"The chief complaints are cough, sinusitis, urinary tract infections and rashes," he said "That encompasses a lot of the complaints."
For a rash, it is possible for the patient to move their webcam at home so he can see the rash; same goes for looking down a patient's throat, he said.
Patients can be prescribed medicine, like antibiotics, cough medicine and nasal sprays, yet pain pills or other controlled substances will not be prescribed, Teet said.
If the medical condition cannot be treated through the virtual visit, the patient will be referred to an NCH provider, and the $45 virtual fee will be credited toward the office charge, Zablo said. However, the $45 virtual fee cannot be submitted to insurance plans toward a deductible.
"There's no insurance involved," she said.
Teet sees virtual visits as advantageous for patients. The service is overdue for patients to have greater control over their health, as opposed to insurance plans controlling their options.
"A lot of things in medicine is not patient driven," he said. "This is patient driven."
It's also a good option for uninsured patients, or for insured patients who see the $45 out-of-pocket fee a small price to pay instead of taking time off from work to sit in a waiting room.
"I think it's not only exciting and interesting and new, it makes medical care more accessible," Teet said. "It expands medical care to people who can't access it. Patients create the demand. They are truly at the center of it."
For years, NCH has used telemedicine technology for remote interpretation of radiology scans, for networking with specialists at Mayo Clinic, for robotic-based stroke monitoring and other applications.
The hospital system has been named to the American Hospital Association's "most wired" annual list for the past six years for embracing telehealth services and other technology.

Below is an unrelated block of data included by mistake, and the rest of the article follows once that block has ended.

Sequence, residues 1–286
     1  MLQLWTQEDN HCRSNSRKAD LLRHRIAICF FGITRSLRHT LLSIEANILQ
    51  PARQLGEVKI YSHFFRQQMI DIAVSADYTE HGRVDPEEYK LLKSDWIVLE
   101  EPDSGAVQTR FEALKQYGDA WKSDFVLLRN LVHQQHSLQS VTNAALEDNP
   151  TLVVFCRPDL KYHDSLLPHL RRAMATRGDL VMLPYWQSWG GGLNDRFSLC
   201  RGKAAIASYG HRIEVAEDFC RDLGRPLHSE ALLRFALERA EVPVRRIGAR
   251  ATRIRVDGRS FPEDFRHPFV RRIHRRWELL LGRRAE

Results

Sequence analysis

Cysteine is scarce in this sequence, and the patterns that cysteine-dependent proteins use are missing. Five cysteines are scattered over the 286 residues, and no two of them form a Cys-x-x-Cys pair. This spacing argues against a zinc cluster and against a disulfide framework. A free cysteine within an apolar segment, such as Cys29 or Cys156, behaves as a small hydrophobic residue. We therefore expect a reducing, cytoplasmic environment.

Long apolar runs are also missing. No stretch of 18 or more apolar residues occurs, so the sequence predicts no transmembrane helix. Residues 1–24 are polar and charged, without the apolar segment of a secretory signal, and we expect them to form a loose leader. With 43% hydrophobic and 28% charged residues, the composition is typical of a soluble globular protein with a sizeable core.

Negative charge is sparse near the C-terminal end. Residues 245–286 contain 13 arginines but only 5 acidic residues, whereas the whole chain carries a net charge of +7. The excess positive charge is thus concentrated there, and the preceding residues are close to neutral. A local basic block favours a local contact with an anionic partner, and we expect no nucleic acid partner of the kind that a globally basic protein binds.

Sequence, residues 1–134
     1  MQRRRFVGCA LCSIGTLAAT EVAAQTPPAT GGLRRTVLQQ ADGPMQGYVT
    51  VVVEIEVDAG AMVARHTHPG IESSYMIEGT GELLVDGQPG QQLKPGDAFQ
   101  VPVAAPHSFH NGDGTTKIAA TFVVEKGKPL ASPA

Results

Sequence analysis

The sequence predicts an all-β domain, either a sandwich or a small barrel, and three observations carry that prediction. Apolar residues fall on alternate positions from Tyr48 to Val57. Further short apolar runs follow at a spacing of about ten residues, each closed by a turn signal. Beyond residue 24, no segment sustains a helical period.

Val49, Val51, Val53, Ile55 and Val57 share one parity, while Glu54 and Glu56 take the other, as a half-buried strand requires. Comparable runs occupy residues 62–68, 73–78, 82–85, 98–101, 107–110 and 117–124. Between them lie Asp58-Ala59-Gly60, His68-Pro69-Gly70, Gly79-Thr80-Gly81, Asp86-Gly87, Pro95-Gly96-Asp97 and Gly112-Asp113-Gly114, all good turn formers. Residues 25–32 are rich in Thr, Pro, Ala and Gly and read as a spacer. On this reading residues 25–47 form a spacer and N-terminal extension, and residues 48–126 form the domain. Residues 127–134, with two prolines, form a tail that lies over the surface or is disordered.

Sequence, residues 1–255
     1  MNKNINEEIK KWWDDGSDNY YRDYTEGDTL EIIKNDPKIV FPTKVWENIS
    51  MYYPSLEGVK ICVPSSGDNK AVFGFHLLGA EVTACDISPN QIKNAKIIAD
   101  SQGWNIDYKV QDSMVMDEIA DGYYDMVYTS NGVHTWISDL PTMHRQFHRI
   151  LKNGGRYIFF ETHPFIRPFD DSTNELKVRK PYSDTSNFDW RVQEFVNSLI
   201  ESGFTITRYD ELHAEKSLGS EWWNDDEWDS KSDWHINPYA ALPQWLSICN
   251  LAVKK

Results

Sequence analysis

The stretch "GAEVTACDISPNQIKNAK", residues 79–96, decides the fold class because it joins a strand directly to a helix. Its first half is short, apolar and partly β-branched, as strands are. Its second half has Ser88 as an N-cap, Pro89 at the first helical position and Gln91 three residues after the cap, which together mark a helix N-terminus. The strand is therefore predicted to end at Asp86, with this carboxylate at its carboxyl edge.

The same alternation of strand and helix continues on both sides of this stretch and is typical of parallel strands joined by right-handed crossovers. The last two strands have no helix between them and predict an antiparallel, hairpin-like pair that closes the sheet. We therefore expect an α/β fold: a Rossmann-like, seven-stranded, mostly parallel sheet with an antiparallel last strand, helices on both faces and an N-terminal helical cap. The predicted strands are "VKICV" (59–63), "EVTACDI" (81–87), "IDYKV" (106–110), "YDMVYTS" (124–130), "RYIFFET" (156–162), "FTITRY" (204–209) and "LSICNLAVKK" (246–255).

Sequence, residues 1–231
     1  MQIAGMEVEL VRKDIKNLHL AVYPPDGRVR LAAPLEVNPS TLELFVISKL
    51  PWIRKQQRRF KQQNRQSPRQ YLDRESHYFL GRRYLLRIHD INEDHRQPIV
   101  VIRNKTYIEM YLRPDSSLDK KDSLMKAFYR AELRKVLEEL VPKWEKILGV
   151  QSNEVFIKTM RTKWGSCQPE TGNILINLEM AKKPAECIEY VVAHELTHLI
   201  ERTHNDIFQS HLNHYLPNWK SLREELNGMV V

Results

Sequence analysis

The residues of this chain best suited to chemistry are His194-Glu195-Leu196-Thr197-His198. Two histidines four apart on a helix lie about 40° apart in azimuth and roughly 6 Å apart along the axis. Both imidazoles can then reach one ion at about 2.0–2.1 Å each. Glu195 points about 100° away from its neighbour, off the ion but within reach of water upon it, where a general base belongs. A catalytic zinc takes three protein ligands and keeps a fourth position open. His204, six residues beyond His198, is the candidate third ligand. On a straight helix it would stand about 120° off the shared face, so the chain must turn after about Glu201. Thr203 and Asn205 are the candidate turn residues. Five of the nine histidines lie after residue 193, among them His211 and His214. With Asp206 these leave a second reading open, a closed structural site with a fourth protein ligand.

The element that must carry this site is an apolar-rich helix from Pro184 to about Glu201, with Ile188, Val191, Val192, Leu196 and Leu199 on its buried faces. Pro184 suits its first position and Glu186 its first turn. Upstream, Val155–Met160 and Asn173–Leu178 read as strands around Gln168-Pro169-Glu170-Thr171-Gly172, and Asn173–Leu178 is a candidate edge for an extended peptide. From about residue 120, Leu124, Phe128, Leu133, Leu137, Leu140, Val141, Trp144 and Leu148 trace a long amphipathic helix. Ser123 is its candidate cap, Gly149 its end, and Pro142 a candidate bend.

The publicly-operated Lee Health System in Lee County uses telehealth services with palliative care patients after patients are discharged, to monitor patients at home with chronic obstructive pulmonary disease, for behavioral health consults with patients at home, for home health visits and for post-operative patients at home, according to Lee Health spokeswoman Cheryl Garn.
A variety of telemedicine services are used with admitted patients for remote consults with specialists in the areas of stroke care, genetics, between neurosurgeons, and with rehabilitation patients in skilled nursing.
Plans are in the works to expand services between patients and primary-care physicians for less acute services, Kris Fay, chief administrative officer for the Lee Physician Group, said. Lee Physician has 572 primary care physicians and specialists affiliated with the hospital system.
"Telehealth will play an even bigger role in our healthcare delivery system in the future," she said. "We have it in our strategic plan for 2018 to expand our telemedicine offerings through Lee Physician Group to a wider range of patients who may have minor concerns that could be seen via telehealth, rather than an office visit."
NCH looked at how other hospitals have contracted for telemedicine services and reviewed programs offered at hospitals in Miami and Tampa, Zach Bostock, chief administrative officer of the NCH physician group, said.
"The services were very similar with the one difference being who was providing the care," he said in an email. "We felt strongly that we should use our physicians whenever possible while other health systems have completely outsourced this service."